THE BELOVED WIFE OF EDWARD LISLE
ALSO DAUGHTER OF THE ABOVE
WHO DIED JUNE 29TH 1873 AGED 21 YEARS
Grave No. 2
LOVING MEMORY OF
WHO DIED FEB 7TH 1875
AGED 40 YEARS
RELICT OF JOSEPH
WHO DIED JULY 14TH 1898
AGED 77 YEARS
Jane Rollings was Joseph
The founder of the Star Cycle Company was Edward Lisle, who
was my great aunt Sarah Ann's husband. Star was one of the early
pioneers in the motor industry. The company produced its first motor car
in 1898. This was a modified version of the German Daimler Benz. It was
called the Star Benz. They quickly developed many other motor cars and
were actively involved in motor racing. The company became a public
company just before the turn of the century. In the early days they had
some very stormy Annual General Meetings. It would appear that they were
not paying a dividend and were using the profits, which came mainly from
cycle manufacture, to finance the development of their motor cars.
Edward Lisle married Elizabeth Rollings. They had two
children, Elizabeth and Yorath - who cannot be traced. His second wife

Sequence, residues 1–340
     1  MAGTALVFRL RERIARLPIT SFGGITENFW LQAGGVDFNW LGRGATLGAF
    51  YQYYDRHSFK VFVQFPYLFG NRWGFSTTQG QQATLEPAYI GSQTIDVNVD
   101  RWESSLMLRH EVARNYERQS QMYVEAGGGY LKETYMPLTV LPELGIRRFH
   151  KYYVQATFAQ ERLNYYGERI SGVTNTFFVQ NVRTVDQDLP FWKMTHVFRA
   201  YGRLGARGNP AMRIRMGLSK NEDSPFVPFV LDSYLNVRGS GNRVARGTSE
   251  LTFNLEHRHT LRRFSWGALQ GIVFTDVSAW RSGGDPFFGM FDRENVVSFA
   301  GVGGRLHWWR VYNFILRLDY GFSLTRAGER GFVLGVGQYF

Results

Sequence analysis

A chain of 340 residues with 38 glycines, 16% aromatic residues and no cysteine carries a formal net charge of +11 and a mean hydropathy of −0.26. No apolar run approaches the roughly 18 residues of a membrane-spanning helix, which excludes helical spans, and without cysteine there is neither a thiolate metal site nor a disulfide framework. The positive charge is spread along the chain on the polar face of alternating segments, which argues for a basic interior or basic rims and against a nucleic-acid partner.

was Elizabeth's sister, Sara Ann Rollings (Sadie), and they had a total
of 13 children.
In early December the will of Lucy Rollings, the wife of
John Rollings, arrived. The bulk of the estate was left to Walter
Hamblett, the Bursar of the Royal Wolverhampton School. A
provision was also made for a stained glass window to be put in the
school chapel in memory of her late husband, John Rollings.
We established from the records that Peter Lisle, the
grandson of Edward, was still alive and living in Albrighton,
Wolverhampton. After speaking to him on the telephone I went to visit
him just before Christmas. At our meeting he kindly provided me with all
the family information he had, including the Lisle family tree. Also, he
owned a 1931 Star Comet 4 Seater Tourer 18/50 motor car, which he has up
for sale. This is because of his poor health in recent years. On January
5th, 1999 I am going over to see the car, with the view of trying to
Peter is a very interesting man. He was an engineer and
had a furnace designing and manufacturing company. He has been very
involved with researching the history of the Star. It has been my good
fortune to be allowed to copy his papers. He now spends his spare time
painting and the Queen Mother has agreed to sit for him to paint her
portrait in early 1999, which, when completed, will be hung at the Royal
Wolverhampton School. After the death of his father he and his elder
brother were sent to the school in 1937. In those days, he said, it was
a very hard life there and he would have rather been the poorest kid in
the street than be there.